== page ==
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{Christmas Countdown 2013} My second bibingka, this time much better

When I was a kid, I had a fierce love for bibingka. My Mother used to take me to church a lot during the Christmas season, and the sellers of bibingka and puto bumbong would be lined up outside all day long. The smell wafting through the church doors was irresistible, and it would not be a rare sight for me to tug at my Mother’s skirt to signal that I wanted some bibingka. As a child, I knew Christmas was around the corner when a bazillion bibingka and puto-bumbong sellers suddenly pop up out of nowhere and line our usually empty school sidewalks.

I’m not sure if it’s out of habit or thanks to the nostalgia of my childhood memories, but I get a very real hankering for bibingka around Christmas season. I have been trying for the longest time to recreate them here at home, and sadly I can’t seem to get the texture I am aiming for; which is that of a slightly cakey crumb. Mine always ends up a little too firm, kind of like dense almond jelly if you know what that’s like.

And even though this recipe turned out a little firmer than I intended (was it from being kept too long in the oven???) these were still really good. Good enough that as soon as I finished shooting my blog photos one of my brothers cut up a huge piece and started munching away.

One of my favourite things about bibingka is how there are slices of itlog maalat (salted duck egg) nestled on top that creates such a nice salty contrast from the sweet cake. I love salted duck eggs on pretty much anything.

I’ve eaten it with pasta, but they are typically eaten mixed with fresh tomatoes as a side dish for a whole bunch of Filipino dishes with rice (usually garlic rice). I really can’t resist itlog maalat, and I’m glad that even though the bibingka has gone through some “modernization” over the years as its popularity grew, they still keep to the routine of adding slices of itlog maalat on top.

Lately the bibingka has become somewhat of a regular delicacy sold commercially in malls. They even invented a contraption that will allow cooking of several small bibingkas at once! I still believe that the bibingkas cooked traditionally over claypots and coals are the best. The claypots help them attain this deep woody flavour from the banana leaf which ends up infused within the sweet cakey base. This is something the commercial bibingkas have not been able to copy.

I’m looking forward to having someone teach me the correct technique in bibingka-making, but in my desire to make some homemade bibingka I keep looking for a recipe that will yield the same results as those cooked in the claypot. So far no luck, and yet this year’s bibingka experiment, compared to last year, is tons more delicious.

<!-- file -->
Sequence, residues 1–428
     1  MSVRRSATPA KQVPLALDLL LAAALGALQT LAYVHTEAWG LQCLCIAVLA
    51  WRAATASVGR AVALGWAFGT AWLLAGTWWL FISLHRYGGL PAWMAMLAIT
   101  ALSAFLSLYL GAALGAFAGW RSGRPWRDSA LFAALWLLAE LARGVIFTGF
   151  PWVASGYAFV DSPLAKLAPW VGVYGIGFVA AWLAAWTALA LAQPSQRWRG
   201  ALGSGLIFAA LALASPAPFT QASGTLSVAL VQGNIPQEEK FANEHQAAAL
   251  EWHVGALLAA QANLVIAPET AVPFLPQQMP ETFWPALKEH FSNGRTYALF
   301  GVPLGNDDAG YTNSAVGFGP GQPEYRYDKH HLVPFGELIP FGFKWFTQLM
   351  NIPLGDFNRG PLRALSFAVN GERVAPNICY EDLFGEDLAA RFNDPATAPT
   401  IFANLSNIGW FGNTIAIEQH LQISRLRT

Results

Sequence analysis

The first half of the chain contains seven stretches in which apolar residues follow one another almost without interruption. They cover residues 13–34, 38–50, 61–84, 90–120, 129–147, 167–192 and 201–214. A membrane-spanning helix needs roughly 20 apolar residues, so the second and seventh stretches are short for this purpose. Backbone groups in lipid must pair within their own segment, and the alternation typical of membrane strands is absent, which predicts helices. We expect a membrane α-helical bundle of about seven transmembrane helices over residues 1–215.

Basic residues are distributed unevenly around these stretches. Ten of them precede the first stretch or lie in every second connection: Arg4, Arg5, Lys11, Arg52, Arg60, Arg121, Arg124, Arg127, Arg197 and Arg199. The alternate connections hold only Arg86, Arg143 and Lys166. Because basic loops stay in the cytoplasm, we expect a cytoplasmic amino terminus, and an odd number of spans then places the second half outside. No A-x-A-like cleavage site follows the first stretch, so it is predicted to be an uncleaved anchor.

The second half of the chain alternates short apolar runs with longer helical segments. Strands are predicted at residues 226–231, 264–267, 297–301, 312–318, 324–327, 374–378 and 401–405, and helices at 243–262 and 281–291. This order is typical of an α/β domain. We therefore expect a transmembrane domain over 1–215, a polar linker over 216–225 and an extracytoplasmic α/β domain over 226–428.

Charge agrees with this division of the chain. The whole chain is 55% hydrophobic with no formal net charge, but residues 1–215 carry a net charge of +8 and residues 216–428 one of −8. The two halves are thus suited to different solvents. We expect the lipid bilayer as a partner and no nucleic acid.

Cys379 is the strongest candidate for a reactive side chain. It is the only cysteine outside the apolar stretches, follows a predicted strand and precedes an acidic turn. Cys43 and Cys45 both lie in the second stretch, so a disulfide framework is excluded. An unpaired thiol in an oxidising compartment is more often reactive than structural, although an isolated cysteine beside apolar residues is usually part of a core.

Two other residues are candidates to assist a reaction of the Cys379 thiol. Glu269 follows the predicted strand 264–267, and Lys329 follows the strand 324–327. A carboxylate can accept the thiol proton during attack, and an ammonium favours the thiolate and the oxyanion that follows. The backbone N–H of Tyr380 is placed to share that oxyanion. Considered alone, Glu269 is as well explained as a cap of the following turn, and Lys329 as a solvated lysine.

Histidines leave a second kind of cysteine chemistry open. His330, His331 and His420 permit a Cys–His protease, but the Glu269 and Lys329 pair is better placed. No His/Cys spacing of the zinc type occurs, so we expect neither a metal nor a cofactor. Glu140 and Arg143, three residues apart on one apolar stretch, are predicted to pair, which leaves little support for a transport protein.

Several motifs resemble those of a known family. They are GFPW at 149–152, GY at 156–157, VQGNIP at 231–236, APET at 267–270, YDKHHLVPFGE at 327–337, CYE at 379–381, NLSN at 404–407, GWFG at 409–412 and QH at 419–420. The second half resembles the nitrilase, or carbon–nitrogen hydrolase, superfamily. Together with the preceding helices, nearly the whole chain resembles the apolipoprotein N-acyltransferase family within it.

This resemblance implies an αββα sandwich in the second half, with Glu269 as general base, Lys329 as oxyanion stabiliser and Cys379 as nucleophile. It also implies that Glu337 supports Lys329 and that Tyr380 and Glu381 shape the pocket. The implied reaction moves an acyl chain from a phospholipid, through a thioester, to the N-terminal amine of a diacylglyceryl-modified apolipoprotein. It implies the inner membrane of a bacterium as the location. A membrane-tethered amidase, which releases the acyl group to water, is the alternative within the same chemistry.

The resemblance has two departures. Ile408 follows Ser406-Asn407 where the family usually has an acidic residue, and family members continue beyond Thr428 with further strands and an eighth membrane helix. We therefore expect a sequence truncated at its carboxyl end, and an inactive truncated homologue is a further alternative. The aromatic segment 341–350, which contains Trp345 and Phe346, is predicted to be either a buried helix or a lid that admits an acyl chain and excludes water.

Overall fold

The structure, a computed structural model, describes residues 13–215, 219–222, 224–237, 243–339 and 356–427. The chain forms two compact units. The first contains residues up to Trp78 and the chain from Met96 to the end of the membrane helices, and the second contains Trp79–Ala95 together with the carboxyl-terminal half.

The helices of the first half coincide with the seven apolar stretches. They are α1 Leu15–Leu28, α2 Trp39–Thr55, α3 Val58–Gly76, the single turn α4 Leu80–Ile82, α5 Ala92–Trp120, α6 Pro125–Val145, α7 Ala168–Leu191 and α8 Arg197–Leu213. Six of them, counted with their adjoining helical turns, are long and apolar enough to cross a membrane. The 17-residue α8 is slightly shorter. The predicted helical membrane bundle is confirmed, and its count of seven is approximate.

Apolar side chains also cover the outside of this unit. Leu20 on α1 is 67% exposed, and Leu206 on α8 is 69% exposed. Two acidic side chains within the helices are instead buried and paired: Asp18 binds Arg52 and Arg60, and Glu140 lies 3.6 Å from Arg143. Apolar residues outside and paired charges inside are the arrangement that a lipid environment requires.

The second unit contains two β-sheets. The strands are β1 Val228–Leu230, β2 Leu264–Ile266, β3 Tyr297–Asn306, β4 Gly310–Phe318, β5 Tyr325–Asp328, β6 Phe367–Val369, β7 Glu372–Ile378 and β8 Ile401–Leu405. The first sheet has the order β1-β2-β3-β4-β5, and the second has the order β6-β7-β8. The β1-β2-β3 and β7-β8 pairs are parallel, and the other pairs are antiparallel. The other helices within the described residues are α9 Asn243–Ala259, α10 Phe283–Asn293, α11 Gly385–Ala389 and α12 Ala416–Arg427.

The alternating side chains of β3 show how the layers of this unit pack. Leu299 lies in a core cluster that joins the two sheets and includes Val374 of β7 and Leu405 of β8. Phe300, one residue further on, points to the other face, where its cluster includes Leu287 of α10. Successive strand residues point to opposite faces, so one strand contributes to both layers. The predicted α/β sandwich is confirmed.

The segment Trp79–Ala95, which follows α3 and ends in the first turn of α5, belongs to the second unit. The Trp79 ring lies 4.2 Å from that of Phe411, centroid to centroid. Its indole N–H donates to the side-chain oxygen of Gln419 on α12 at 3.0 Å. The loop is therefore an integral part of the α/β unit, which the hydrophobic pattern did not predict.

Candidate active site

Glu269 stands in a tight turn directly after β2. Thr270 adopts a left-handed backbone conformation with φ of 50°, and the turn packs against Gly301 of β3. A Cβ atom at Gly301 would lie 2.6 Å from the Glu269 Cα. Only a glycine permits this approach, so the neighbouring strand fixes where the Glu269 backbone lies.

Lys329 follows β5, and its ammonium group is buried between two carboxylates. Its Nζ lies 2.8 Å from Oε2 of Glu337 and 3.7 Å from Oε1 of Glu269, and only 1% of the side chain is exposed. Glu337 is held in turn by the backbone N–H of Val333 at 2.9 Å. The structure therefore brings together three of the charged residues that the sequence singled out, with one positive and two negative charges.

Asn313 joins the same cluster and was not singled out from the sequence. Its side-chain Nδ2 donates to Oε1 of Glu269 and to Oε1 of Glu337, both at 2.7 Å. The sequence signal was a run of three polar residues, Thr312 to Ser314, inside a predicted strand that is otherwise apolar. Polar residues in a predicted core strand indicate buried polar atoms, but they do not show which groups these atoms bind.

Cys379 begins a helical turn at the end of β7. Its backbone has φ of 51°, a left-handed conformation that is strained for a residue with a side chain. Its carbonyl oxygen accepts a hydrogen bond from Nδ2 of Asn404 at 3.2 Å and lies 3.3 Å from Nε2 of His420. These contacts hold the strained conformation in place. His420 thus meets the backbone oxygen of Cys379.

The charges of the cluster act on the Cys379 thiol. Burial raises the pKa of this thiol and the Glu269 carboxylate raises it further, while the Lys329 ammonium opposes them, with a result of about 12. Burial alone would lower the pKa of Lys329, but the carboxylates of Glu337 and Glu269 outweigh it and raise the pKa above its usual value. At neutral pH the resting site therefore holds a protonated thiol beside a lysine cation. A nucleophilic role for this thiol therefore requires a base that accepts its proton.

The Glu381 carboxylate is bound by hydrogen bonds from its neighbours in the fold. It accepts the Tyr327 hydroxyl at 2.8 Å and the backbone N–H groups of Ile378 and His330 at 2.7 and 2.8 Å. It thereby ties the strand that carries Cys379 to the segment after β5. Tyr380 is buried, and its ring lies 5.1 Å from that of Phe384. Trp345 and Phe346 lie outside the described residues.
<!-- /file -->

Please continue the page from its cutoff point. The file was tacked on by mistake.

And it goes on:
So maybe this isn’t the same as the bibingka the ate‘s and manang‘s sell out on the street, the fact remains that this particular recipe didn’t much last long in this house.

Bibingka Espesyal

A Filipino favourite, these lightly sweet bibingkas are perfect for that Noche Buena spread!

makes two 9-inch bibingkas, or 8 to 10 muffin-sized ones


  • banana leaves, cut into circles bigger than size of pan
  • 2 cups all-purpose flour
  • 2 teaspoons baking powder
  • 1 teaspoon salt
  • 3 eggs
  • 1 cup sugar, more for sprinkling on top of the cakes
  • 1 ¼ cup coconut milk
  • 2 tablespoons butter, melted, plus more for brushing cakes
  • 1 to 2 salted duck egg, sliced thinly
  • ¼ cup grated Edam or cheddar cheese
  • sugar and grated coconut, optional


  • 1. Preheat oven to 350°F (180°C). Line two 9-inch pie plates or baking pans with banana leaves. (Or muffin pans, if using.)
  • 2. Whisk together flour, baking powder, and salt together in a bowl and set aside.
  • 3. Beat eggs in a bowl using a mixer on medium speed. Add sugar, 1/4 cup at a time, beating well after each addition.
  • 4. Alternate adding flour and coconut milk to the egg and sugar, mixing on medium speed after each addition. Add butter and mix well.
  • 5. Divide batter equally into the two plates (or muffin pans) and bake initially for 12 to 15 minutes until bibingka just begins to take shape.
  • 6. Prepare toppings for the bibingka's second bake.
  • 6. Take out the still-soft bibingka from the oven, lay slices of salted duck eggs on top, and sprinkle generously with grated cheese. Continue baking until cake is cooked through, about 10 minutes more.
  • 7. If desired, turn the broiler to low and broil the cakes to brown the top for about a few minutes. Watch the cakes carefully to keep them from burning.
  • 8. Brush the cakes with butter and sprinkle with sugar and grated coconut. Serve warm with tea or hot cocoa.


Adapted from Jun Belen's blog
Even though I see bibingka stores in the malls all the time, the best time for me to indulge in bibingka remains to be during Christmas. I don’t understand why myself.

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